IMF Reveals How Implementation Of Post-COVID Fiscal Stimulus Contributed To Inflation In Nigeria And Other Nations
A report from the International Monetary Fund (IMF) has revealed how fiscal stimulus pumped into the economy contributed to the surge in the inflation rate in Nigeria and other countries of the world.
Naija News gathered that the IMF in its report titled “How we missed the recent inflation surge,” the international money lender said the injection of fiscal stimulus post-COVID-19 era is part of the reasons inflationary pressure is on the surge in Nigeria and other nations of the world.
The IMF report indicated that one feature of policy response to the COVID-19 pandemic in 2020 was the aggressive fiscal stimulus, which industry experts and observers likened to wartime spending.
The report indicated in its analysis that the size of the COVID-19 fiscal stimulus packages announced by different governments in 2020 correlates positively with core inflation forecast errors.
The IMF however said, just as injecting too much fiscal stimulus has risked overstimulating the economy and sparking inflation, too small a dose of fiscal stimulus would have risked prolonged scarring.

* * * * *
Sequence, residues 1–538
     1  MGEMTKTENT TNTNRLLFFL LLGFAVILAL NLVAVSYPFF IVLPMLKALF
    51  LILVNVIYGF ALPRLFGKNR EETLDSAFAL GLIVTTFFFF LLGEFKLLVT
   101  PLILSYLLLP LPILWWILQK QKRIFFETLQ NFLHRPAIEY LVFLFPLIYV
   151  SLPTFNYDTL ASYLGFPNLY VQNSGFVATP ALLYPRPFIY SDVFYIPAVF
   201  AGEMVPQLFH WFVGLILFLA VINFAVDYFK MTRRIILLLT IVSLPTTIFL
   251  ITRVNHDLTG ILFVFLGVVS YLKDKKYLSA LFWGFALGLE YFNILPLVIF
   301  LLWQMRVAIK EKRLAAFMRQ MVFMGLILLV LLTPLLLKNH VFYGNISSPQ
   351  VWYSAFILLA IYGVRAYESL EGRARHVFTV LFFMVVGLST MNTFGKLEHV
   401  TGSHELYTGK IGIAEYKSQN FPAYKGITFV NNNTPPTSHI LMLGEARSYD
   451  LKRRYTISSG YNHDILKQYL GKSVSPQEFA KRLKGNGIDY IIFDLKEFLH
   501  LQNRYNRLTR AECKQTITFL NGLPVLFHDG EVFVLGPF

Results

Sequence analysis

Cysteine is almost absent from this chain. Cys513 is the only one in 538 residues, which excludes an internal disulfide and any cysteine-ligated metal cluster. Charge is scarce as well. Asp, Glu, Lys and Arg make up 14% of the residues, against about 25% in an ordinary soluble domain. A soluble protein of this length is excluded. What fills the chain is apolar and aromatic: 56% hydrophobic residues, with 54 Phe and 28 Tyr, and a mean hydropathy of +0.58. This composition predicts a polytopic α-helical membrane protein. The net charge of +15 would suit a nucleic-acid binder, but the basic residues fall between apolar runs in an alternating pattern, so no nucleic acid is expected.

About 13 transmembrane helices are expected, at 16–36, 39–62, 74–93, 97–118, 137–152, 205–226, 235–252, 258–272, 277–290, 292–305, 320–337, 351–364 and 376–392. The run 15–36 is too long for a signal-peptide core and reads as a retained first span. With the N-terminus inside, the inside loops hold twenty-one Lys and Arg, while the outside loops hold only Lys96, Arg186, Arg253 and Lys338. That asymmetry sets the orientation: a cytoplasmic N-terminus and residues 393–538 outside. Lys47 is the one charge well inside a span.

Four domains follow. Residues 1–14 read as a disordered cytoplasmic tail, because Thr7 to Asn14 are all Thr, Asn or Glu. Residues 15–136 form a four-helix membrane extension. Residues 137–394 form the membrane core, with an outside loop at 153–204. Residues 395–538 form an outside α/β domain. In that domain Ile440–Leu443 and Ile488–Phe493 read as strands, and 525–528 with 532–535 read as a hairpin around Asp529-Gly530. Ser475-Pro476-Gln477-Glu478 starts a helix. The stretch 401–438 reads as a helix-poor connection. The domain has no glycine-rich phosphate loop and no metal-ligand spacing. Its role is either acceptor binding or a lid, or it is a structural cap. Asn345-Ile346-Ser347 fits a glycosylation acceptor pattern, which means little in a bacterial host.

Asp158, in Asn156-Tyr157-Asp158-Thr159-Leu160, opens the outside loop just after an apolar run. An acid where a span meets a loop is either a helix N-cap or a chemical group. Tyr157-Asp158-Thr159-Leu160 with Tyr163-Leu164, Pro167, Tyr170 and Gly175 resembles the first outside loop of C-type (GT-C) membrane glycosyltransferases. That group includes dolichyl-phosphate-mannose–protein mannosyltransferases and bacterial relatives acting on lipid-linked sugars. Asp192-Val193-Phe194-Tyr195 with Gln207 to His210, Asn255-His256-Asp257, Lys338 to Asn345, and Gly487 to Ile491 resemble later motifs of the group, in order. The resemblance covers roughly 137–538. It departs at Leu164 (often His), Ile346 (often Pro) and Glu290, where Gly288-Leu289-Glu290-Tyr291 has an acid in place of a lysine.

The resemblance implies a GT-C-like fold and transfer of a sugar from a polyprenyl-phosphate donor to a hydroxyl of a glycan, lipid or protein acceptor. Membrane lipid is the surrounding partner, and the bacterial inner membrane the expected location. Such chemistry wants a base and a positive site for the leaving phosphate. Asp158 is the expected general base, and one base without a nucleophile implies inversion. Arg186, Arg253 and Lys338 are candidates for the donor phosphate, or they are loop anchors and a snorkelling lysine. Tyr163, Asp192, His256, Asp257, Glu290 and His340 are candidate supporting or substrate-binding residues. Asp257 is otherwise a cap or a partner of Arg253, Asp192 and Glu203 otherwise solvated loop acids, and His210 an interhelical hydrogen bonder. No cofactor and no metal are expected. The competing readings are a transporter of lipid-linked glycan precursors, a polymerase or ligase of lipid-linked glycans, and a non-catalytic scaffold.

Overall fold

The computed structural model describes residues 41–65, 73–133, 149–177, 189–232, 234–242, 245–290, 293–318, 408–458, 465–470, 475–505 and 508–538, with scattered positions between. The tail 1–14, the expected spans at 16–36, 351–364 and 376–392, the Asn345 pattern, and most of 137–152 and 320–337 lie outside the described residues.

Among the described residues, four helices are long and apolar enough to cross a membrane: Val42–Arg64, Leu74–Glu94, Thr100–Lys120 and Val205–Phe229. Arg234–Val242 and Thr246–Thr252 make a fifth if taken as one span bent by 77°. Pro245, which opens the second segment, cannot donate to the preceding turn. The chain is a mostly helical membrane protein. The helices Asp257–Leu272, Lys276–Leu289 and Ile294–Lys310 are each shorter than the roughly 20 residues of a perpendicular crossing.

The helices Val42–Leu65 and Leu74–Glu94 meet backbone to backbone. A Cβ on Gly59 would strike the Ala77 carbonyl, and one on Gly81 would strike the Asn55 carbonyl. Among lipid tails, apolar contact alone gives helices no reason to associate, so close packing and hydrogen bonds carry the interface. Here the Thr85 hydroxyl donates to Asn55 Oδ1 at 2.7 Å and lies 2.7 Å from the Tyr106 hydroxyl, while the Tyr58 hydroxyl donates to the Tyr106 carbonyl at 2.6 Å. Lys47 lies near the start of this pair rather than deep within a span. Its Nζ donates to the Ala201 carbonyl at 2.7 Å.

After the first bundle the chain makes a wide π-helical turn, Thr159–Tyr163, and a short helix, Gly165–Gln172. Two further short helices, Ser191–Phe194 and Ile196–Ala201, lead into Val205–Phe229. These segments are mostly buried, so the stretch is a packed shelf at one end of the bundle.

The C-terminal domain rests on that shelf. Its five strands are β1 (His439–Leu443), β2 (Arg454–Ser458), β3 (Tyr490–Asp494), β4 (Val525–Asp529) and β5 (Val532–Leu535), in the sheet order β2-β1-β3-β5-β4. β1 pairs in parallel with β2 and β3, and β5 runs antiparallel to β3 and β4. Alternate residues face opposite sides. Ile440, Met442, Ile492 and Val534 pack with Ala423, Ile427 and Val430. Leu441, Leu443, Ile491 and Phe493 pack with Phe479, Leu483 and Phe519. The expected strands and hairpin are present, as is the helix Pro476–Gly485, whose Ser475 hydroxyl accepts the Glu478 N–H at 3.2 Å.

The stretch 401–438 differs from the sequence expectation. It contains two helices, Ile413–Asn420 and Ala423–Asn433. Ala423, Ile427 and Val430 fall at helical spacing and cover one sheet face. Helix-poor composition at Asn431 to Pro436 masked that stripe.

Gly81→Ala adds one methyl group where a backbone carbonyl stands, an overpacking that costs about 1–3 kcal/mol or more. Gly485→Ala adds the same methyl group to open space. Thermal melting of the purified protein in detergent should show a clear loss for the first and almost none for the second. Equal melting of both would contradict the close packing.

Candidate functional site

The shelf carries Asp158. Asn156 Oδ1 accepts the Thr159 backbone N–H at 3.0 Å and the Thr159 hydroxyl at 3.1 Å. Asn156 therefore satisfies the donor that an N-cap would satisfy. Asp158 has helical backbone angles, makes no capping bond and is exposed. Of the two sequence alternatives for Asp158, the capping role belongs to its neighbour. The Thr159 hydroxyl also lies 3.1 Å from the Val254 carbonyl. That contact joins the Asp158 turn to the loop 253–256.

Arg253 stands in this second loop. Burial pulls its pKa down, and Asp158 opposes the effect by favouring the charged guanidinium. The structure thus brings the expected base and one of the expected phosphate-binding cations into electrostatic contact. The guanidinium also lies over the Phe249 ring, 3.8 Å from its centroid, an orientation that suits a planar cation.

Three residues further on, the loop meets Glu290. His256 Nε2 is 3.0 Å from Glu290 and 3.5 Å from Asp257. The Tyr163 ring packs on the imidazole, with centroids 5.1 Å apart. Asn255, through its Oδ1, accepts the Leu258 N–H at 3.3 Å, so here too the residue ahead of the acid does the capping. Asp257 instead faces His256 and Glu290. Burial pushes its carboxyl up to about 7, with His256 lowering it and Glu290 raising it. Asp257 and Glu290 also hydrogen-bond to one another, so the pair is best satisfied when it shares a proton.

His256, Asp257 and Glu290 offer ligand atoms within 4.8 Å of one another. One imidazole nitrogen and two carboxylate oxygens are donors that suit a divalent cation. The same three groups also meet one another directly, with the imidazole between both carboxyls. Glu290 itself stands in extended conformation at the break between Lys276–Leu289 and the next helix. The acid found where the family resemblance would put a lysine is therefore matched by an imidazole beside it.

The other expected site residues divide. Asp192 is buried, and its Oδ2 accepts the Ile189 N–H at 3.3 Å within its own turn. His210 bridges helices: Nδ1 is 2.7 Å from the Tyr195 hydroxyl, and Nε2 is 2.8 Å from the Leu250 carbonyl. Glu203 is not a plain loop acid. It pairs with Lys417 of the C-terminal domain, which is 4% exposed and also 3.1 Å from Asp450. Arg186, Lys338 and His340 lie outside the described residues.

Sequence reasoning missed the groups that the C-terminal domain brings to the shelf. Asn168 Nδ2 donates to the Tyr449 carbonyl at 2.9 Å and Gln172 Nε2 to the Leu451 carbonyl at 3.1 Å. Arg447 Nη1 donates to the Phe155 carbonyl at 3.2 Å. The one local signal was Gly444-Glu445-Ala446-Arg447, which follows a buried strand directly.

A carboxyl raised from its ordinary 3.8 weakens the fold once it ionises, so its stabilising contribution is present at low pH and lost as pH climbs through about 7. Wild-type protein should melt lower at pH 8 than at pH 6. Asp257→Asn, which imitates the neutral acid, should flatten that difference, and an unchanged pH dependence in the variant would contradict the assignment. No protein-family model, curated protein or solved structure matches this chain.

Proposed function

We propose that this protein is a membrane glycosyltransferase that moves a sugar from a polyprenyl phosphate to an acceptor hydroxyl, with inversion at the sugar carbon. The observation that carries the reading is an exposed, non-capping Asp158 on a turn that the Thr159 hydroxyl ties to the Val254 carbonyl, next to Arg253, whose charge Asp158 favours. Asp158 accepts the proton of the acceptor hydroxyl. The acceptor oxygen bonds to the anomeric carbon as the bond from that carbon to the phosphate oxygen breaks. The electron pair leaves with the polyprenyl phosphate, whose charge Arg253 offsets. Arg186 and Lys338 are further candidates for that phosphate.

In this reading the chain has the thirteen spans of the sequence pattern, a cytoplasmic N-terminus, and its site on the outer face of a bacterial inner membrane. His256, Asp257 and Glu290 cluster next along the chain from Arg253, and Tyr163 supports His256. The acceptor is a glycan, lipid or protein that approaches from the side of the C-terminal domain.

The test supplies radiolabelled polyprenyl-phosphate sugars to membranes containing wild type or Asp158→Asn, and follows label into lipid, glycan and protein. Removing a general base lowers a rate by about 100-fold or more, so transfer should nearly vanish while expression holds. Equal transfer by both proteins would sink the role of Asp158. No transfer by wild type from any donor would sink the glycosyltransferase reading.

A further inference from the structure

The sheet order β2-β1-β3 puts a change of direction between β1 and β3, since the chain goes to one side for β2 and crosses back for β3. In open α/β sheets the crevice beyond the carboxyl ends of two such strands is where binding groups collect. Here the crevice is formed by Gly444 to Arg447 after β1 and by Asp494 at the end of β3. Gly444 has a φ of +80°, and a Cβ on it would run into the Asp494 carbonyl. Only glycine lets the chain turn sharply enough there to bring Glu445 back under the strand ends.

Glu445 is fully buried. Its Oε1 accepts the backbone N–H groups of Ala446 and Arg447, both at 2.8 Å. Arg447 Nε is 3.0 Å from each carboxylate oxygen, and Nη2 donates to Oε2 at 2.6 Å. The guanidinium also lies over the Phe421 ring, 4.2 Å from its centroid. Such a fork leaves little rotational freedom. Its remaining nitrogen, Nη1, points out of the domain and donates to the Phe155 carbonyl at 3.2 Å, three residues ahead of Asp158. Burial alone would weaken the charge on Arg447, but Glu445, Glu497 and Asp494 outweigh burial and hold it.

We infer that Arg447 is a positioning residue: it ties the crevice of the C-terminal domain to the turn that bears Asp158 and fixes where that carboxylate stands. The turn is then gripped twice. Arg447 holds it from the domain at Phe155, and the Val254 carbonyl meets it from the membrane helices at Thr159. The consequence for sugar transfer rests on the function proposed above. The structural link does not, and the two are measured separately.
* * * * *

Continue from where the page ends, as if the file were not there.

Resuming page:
The reports showed that “The combination of stronger-than-anticipated demand recovery, ramped-up demand clogging supply chains, sectoral shifts in demand, and a heated labour market offers a convincing postmortem explanation for repeatedly missing the inflation bout. We are certainly wiser with the benefit of hindsight.
“As a driver increases speed, the visual corridor may narrow, masking dangers down the road. One peculiar feature of the policy response to the pandemic in 2020 was the aggressive fiscal stimulus, which according to some observers resembled wartime spending. Importantly, this stimulus was part of the forecasters’ information set at the time.”
While preferring some solution to the situation the international money lender said the inflation outlook should better integrate the impact of fiscal policy, particularly in an environment where supply constraints amplify the impact of excess demand on inflation.
The report added that “Policymakers could have been advised to reduce their speed somewhat back in 2020 given the danger that was lurking down the road. But this remains a partial assessment. Only by comparing it with the counterfactual scenario of deep scarring can we really gauge the adequacy of the policy choices made back then.”